However, Syria doesn’t possess any intrinsic sources of power that would allow it to project much influence over its Arab rivals. And so, in order to punch above its weight, the Assad regime has relied on sponsorship of terror groups of all stripes, as well as its relationship with Iran.


One senior Syrian official explained it in no uncertain terms in an interview with the International Crisis Group in January 2009: “They [the Unites States] talk to us when it is a question of cutting ties with Iran, Hamas and Hizbollah. But if we do, will they carry on speaking to us?”

It is this dynamic that makes a mockery of the notion that Syria should be “brought back into the Arab fold.” Whatever the nature of this “fold”—and there never was “one” fold, but competing alignments—what is sure is that Syria never was part of it. In reviewing the history of regional blocs, from the anti-Soviet Baghdad Pact in the 1950s to the present, Syria was never part of a pro-United States strategic architecture. Syria’s perennial quest for primacy among the Arabs has led to adversarial relations with all its Arab neighbors: Egypt, Iraq, Jordan, Lebanon, the Palestinians, and Saudi Arabia.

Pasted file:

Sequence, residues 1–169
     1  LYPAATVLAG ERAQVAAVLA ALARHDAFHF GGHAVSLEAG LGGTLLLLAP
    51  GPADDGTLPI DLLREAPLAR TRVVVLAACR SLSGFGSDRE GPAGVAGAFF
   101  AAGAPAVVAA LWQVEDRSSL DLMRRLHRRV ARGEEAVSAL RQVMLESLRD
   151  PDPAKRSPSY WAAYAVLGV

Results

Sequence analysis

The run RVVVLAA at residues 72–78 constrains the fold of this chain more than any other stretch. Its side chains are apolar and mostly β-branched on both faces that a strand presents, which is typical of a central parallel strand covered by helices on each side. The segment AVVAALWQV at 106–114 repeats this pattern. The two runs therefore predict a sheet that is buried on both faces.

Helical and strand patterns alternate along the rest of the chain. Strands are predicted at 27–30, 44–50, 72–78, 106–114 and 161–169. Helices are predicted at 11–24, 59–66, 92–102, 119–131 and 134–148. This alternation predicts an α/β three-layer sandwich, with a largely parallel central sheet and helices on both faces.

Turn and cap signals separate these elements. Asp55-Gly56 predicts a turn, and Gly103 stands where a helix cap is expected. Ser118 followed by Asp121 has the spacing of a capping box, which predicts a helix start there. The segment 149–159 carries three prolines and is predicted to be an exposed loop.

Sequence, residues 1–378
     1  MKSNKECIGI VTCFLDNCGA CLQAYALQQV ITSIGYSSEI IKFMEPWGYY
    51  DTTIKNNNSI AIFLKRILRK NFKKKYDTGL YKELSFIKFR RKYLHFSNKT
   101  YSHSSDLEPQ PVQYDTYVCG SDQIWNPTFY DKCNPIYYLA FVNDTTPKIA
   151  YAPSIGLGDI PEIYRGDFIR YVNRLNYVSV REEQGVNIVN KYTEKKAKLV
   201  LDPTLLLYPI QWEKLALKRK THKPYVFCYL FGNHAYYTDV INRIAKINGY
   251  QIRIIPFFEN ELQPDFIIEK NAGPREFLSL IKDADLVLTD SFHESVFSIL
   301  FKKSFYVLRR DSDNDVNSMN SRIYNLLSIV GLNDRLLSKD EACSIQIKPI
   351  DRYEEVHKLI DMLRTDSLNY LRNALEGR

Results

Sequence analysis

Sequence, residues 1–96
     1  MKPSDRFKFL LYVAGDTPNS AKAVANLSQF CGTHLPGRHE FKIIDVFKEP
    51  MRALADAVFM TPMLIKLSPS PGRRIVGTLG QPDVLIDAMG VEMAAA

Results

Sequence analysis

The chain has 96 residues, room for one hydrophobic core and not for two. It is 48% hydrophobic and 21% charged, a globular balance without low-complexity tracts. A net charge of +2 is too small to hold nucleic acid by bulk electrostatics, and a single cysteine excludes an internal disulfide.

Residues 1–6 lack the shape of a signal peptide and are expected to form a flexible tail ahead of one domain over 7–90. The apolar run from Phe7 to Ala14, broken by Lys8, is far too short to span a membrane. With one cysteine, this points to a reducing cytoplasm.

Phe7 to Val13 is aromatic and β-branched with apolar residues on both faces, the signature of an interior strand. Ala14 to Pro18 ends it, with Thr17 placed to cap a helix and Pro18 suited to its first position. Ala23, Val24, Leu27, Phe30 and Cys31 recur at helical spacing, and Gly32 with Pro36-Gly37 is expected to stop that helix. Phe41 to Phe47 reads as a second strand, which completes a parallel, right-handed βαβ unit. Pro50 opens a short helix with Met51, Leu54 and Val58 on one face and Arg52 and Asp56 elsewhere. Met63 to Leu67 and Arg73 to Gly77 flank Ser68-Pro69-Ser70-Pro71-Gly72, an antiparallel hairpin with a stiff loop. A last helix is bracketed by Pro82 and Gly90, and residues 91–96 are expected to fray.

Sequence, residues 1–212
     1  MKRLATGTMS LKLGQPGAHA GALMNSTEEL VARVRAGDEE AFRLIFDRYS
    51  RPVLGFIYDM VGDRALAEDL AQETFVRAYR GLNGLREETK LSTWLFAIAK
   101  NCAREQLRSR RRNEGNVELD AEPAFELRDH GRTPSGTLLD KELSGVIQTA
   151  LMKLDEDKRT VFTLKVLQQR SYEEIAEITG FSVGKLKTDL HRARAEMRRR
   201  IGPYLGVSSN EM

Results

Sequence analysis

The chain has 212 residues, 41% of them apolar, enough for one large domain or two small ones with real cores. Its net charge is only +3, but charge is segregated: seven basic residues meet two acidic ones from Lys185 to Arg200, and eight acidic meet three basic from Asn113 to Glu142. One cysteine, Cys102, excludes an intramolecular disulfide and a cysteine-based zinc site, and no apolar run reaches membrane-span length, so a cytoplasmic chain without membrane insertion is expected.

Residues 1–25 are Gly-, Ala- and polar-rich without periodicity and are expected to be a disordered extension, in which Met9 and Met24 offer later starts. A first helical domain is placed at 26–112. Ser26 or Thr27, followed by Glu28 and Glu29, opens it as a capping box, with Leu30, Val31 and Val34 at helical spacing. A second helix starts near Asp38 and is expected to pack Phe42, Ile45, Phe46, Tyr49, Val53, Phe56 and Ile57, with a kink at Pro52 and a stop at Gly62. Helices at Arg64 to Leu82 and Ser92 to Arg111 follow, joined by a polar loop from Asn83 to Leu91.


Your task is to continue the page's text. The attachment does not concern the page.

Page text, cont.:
Fouad Ajami once recalled an old quote by the Lebanese Druze chieftain Kamal Jumblatt that captured an essential truth about the difference between Egypt and Syria. “Whoever rules Egypt is a pharaoh,” Jumblatt said. “And whoever rules Damascus is a wali, a provincial governor.” Syria, Ajami wrote, “was born ‘weak and beleaguered’ and remained a brittle, uncertain state, oscillating between claims of grandeur and a feeling of being persecuted by mightier powers.”

Syria neither wants nor can it replicate Anwar Sadat’s peace with Israel because it would mean that the grandiose house of illusions constructed by the Assad family would collapse, revealing the weak country behind the rhetoric. For Syria to accept to be “another Jordan” is to acknowledge its real, feeble weight. The idea of integrating Syria into a pro-American regional order through the peace process misunderstands fundamental Syrian interests, as it expects Syria to relinquish the only assets that make it relevant in regional politics.